HCM City,land prices,2013 Land Law
Nguyen Thi Le (left), chairwoman of the HCM City People’s Council, at a People’s Committee meeting where the land price framework was announced for the next five years. — VNS Photo Bo Xuan Hiep

Speaking at an extraordinary People’s Council meeting on Wednesday, Nguyen Thi Le, chairwoman of the municipal People’s Council, said that the council has approved the People’s Committee’s proposal to keep the same land prices for the next five years.

However, new prices will be applied to land on 398 streets in 15 districts based on the public infrastructure that exists in these areas.

In addition, the People’s Committee has decided to increase the land price adjustment coefficient (coefficient K) this year at the High-Tech Park in District 9, among others.

Nguyen Toan Thang, director of the city’s Department of Natural Resources and Environment, said: “This is the first time the city government has decided to maintain the same land price framework for the next five-year period. The aim is to stabilise the city’s land prices.”

After approval by the People’s Council, the department will complete draft regulations on the price list for various types of land for the People’s Committee to implement for the next five years.

The land price list, which is adjusted every five years by the city government, serves as a basis for calculating land-use rights tax, imposing land administrative sanctions, and setting fines and compensation for the State for violations committed by individuals and organisations.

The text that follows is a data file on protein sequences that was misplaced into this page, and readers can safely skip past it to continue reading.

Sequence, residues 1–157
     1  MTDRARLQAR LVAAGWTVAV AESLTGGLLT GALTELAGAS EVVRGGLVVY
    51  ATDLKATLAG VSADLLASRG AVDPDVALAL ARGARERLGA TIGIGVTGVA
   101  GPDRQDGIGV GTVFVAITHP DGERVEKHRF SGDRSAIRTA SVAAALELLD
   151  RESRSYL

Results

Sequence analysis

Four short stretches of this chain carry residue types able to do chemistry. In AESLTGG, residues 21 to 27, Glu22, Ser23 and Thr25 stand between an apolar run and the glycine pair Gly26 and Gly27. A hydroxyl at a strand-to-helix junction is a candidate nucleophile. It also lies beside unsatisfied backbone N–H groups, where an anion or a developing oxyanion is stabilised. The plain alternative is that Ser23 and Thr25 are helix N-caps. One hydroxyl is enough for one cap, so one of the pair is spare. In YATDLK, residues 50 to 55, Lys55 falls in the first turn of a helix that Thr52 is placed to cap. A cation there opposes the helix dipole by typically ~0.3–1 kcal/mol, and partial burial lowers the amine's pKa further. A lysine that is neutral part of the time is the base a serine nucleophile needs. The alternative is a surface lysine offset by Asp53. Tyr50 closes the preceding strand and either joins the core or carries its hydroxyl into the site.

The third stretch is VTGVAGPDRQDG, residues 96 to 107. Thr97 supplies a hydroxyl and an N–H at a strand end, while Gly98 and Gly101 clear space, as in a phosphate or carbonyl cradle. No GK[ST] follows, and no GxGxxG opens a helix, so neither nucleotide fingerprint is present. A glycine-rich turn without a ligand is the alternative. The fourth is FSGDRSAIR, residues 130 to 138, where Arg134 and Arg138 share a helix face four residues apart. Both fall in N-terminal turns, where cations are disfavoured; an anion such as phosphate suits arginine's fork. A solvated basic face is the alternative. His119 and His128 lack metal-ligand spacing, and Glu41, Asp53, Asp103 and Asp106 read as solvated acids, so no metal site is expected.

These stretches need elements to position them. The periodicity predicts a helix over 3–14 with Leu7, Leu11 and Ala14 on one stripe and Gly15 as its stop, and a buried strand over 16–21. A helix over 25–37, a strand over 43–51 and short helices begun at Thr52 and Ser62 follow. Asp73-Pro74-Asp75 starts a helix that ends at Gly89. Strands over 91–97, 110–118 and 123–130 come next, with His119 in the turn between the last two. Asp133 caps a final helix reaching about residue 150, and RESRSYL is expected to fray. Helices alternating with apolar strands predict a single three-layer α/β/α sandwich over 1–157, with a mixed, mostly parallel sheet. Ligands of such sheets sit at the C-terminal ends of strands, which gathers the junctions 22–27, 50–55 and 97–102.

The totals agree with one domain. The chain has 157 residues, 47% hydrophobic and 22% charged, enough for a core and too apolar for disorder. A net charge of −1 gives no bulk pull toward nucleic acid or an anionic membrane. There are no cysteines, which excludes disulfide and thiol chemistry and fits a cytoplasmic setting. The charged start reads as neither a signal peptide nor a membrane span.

The land price adjustment coefficient is adjusted every year by the city government.

According to the current regulations, when the State wants to recover land from or calculate a land-use fee for real estate enterprises, authorities will appraise land prices for each specific case.

 

If households or individuals want to receive land-use rights or change the purpose of land use, they will have to pay a land-use fee based on the adjustment coefficient K issued annually by the People’s Committee.

Under such cases, the land price will be multiplied by the new coefficient. The coefficients for different land categories are revised every year to ensure set land prices are closer to market prices.

Since the market price of transferred land is up to four to six times higher than prices on the land price list, it is necessary to adjust the coefficient to suit reality.

According to the current land price list set by the city government, the area with the highest land price in HCM City includes Nguyen Hue and Le Loi streets in downtown area, which is set at VND162 million (about US$7,000) per sq.m, only a fifth of their estimated market price of VND800 million.

According to the land price list, the lowest urban land price in the city is VND1.5 million per sq.m. The price of land for commerce and service purposes is 80 per cent of the residential land price in the same area. Non-agricultural land used for other purposes such as healthcare and education is 60 per cent of the residential land price.

The highest price for agricultural land for rice, annual crops and aquaculture is VND205,000 per sq.m, while the perennial cropland price is VND300,000 per sq.m.

The market land price has significantly surged (up to 200 per cent) in recent years, mostly in districts such as 2, 7, 8, 9, 12, Binh Thanh, Tan Phu, Go Vap, Binh Tan, Thu Duc, Binh Chanh, Hoc Mon, Cu Chi, Nha Be and Can Gio, according to property experts.

Under the 2013 Land Law, the city and provincial people’s committees must submit new land prices every five years to the people’s councils for approval. The prices are published on January 1 at the beginning of the new five-year period. — VNS

Land prices set far higher

Land prices set far higher

Many localities have raised their land prices by up to 70%, while on the national scale the Government is expected to issue a new price framework, driving up prices by 30%.  

Experts concerned over land price hike

Experts concerned over land price hike

Multiple experts have expressed concern over the Ministry of Natural Resources and Environment’s proposal to double the land prices, as higher prices will result in higher land use fees for businesses and residents.